So the new Democratic Majority Leader is Steny Hoyer, defeating Speaker-to-be Nancy Pelosi's pick, Jack Murtha, 149-86.
I share Ezra's view that neither of these potential leaders was very appealing.
But I prefered Hoyer and am satisfied with the results for two main reasons. One, Hoyer is simply a younger, more energetic fellow, and one that for whatever his K-street connections and questionable committment to liberal causes, is probably the right person for the legislative combat the next session will bring. He's also well-guarded, and well spoken enough to avoid referring to his part's ethical reform legislation as "crap".
Two, I'm not as concerned as many people seem to be that this will reflect negatively on Speaker Pelosi. The Republicans ran more of a centralized, dictatorial House, first under Newt and then later, DeLay. While this yielded the necessary discipline to pass certain measures and by and large ensured the Republican Party's ability to speak with one voice, it ultimately led to the GOP's collapse last week as corruption and political blindness negated their control. So, the fact that the Democratic House Leadership will be fragmented to some degree doesn't strike me as the worst outcome we could imagine. Think of it as a system of checks and balances within the party leadership itself. On the negative side, it could cause a breakdown in party discipline and effectiveness; but on the positive side, it could help keep the leadership honest and result in a more democratic Democratic House.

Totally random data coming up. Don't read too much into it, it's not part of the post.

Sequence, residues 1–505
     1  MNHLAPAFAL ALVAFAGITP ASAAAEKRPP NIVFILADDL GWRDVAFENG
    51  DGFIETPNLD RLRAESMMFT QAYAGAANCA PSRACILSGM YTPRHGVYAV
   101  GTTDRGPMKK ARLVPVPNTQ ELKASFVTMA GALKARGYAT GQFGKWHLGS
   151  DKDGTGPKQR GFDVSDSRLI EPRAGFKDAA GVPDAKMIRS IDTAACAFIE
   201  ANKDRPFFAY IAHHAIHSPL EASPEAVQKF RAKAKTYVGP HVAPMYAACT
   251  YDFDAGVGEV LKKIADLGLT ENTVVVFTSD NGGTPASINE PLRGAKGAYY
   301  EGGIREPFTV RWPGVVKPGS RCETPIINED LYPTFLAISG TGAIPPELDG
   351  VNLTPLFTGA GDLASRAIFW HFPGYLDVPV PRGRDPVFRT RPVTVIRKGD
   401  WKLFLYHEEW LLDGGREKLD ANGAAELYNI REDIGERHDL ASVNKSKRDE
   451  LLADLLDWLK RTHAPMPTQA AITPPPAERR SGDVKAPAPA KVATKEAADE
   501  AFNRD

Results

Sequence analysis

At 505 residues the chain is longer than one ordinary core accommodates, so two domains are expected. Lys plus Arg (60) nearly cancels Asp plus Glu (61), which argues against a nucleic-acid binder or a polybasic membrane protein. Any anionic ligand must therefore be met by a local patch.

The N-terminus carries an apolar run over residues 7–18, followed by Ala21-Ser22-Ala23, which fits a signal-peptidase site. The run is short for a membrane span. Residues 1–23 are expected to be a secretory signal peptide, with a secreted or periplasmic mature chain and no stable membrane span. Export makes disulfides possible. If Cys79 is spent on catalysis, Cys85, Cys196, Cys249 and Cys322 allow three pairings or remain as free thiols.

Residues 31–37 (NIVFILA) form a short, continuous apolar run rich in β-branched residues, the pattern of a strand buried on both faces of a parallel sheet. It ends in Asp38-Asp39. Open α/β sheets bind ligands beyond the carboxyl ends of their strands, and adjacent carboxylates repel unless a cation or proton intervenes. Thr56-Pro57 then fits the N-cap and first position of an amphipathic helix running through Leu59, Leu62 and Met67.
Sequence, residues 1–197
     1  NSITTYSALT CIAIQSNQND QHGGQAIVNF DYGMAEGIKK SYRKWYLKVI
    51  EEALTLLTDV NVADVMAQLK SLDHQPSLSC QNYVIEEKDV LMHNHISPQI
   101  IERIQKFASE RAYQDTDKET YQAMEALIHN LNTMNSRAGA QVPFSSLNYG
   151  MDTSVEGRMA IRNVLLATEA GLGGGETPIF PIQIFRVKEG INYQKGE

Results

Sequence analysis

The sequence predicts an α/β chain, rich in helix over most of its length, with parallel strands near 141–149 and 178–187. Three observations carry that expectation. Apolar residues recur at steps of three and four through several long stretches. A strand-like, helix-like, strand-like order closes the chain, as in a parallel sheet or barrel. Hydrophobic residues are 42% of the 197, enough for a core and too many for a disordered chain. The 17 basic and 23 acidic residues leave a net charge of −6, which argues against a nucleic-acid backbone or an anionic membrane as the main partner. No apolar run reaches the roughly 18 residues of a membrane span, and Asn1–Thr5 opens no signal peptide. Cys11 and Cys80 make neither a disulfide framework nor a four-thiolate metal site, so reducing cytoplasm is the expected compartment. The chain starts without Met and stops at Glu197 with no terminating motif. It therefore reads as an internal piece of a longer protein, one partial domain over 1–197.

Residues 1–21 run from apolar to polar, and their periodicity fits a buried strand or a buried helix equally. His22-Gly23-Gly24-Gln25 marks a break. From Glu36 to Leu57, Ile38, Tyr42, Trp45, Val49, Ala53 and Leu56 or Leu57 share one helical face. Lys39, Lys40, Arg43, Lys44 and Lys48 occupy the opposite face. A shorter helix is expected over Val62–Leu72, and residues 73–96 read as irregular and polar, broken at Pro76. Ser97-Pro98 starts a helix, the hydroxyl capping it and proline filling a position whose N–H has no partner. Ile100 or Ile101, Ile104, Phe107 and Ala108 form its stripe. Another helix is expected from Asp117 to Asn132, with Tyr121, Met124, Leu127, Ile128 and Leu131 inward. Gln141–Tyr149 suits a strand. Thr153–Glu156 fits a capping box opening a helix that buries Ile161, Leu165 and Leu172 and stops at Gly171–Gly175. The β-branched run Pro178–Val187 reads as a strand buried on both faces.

I'm not contesting that Pelosi's public intervention was bone-headed--it probably was. But I'm not looking for the next Democratic Speaker to be a dictator. We've already seen what that can produce.